Starting the Day

My father taught me how to eat breakfast
those mornings when it was my turn to help
him milk the cows. I loved rising up from

the darkness and coming quietly down
the stairs while the others were still sleeping.
I’d take a bowl from the cupboard, a spoon

from the drawer, and slip into the pantry
where he was already eating spoonfuls
of cornflakes covered with mashed strawberries

from our own strawberry fields forever.
Didn’t talk much—except to mention how
good the strawberries tasted or the way

those clouds hung over the hay barn roof.
Simple—that’s how we started up the day.

~Joyce Sutphen, “Breakfast” from First Words, Red Dragonfly.

By the time I was four years old, my family owned several Guernsey and Jersey dairy cows who my father milked by hand twice a day. My mother pasteurized the milk on our wood stove and we grew up drinking the best milk on earth, as well as enjoying home-made butter and ice cream.

One of my fondest memories is getting up early with my dad, before he needed to be at school teaching FFA agriculture students (Future Farmers of America). I would eat breakfast with him and then walk out into the foggy fall mornings with our dog to bring in the cows for milking. He would boost me up on top of a very bony-backed chestnut and white patchwork cow while he washed her udder and set to work milking.

I would sometimes sing songs from up there on my perch and my dad would whistle since he didn’t sing.

I can still hear the rhythmic sound of the milk squirting into the stainless steel bucket – the high-pitched metallic whoosh initially and then a more gurgling low wet sound as the bucket filled up. I can see my dad’s capped forehead resting against the flank of the cow as he leaned into the muscular work of squeezing the udder teats, each in turn. I can hear the cow’s chewing her breakfast of alfalfa and grain as I balanced on her prominent spine feeling her smooth hair over her ribs. The barn cats circulated around us, mewing, attracted by the warm milky fragrance in the air.

Those were preciously simple starts to the day for me and my father, whose thoughts he didn’t articulate nor I could ever quite discern. But I did know I wasn’t only his daughter on mornings like that – I was one of his future farmers of America he dedicated his life to teaching.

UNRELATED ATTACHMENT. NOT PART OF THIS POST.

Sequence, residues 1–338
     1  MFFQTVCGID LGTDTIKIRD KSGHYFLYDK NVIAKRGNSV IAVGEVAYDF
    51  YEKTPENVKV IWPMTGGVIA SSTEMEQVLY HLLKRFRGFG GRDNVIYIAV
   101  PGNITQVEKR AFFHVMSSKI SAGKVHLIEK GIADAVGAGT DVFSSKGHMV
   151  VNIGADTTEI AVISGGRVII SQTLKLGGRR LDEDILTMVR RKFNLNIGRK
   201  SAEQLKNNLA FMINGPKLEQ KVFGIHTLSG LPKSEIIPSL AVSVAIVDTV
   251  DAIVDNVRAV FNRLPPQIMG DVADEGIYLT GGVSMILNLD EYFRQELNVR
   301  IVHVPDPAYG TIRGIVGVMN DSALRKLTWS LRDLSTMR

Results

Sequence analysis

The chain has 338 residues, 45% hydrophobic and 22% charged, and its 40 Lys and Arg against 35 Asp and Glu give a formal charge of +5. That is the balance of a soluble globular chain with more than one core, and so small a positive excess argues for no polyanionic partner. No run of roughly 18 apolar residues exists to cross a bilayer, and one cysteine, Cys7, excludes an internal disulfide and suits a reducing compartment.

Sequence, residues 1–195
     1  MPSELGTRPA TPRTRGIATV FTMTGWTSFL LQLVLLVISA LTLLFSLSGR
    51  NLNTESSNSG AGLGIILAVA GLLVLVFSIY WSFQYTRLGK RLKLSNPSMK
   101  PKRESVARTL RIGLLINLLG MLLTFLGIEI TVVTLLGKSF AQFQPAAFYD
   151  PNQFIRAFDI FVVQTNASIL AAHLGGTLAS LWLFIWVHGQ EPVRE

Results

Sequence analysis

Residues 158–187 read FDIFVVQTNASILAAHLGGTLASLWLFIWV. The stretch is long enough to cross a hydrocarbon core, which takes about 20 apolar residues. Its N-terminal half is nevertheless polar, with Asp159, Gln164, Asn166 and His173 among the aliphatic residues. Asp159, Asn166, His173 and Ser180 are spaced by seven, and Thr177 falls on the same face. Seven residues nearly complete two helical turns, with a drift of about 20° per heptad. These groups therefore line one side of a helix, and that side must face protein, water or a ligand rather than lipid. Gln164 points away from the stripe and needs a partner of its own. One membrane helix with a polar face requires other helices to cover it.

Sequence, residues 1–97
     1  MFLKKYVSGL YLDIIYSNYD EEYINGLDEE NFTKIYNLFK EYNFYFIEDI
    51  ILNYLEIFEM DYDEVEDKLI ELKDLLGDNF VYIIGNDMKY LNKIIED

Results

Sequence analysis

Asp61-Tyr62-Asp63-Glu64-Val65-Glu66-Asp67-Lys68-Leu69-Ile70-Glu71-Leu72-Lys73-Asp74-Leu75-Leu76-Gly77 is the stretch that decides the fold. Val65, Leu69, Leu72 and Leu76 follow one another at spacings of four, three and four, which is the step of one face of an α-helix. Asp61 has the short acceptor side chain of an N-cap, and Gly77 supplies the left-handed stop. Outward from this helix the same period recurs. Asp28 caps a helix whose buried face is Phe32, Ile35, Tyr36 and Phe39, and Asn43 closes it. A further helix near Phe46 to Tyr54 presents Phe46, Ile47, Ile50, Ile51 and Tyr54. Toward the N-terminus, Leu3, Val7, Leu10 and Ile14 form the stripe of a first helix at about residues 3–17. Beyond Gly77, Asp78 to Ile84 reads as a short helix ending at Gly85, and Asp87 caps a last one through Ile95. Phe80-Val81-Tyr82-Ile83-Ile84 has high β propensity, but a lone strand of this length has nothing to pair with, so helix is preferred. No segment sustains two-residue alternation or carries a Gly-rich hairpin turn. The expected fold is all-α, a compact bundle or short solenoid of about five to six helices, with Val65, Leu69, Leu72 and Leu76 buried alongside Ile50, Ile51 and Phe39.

Dad, even without you saying much, those were mornings when my every sense was awakened. I’ve never forgotten that- the best start to the day.

A new shipment of this book is arriving soon – you can order here:

8 thoughts on “Starting the Day

  1. No, Marybeth, unfortunately my father took a desk job when I was five and we moved to a different town and only a few acres, so the animals we had were sold or given away. I guess I’ve tried to recreate my childhood farm as I remember it with the acreage we have now (minus the dairy cows- that is a huge commitment!)

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  2. That’s wonderful you’ve been able to give your own children and grandchildren a similar slice of heaven! Your description was so enjoyable! I hope your own children and grandchildren hang onto your farm!

    The best times of my family’s life for the first seven years of my life, I am the youngest of five. My oldest brother is 16 years older than me and I remember him coming home from leave from the Air Force in the mid 60s, all of us so excited! My other two brothers worked at the local grocery store and my two year older than me sister and I , LIVED for Barbers, Wishnik Trolls, our cats, and Batman lol. Later was fun too but of course we were not all at home anymore. I’ve always dreamed of buying back the house we grew up in, but unfortunately it was remodeled to an extent that it’s not even recognizable. But oh the memories…. I praise God for giving us that ability! Thank you for reminding us of the good ol’ days…and also for keeping us aware of eternal joy!

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  3. Summer visits to my grandparents and to my cousins, aunt and uncle, both on farms, were my only experiences close to those described in today’s post. Wonderful memories! One exquisite treat was perfectly ripe peaches topped with cream that my aunt whipped from the morning’s milking! Perfection!

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  4. How I love your descriptions of farm life both past and present! Your writing puts this city living girl right there on the back of your milk provider watching the cats and hearing the milk ping in the bucket. Thank you, as always!

    Liked by 1 person

  5. dear emily, i am so jealous of the barn and animals and life style on the farm!!! don’t get me wrong — i am so happy for your wonderful farm life growing up, as well as what you have now. in my heart i am pure country girl. i tried so many times to get my dad to find us a little farm…one with a barn and a big garden. i am #3 of four girls, and my oldest sister was able to have a horse. but we never had a farm. i have always had a romance with farms….thank you for your precious recollecting. i just might have a country dream tonight!!

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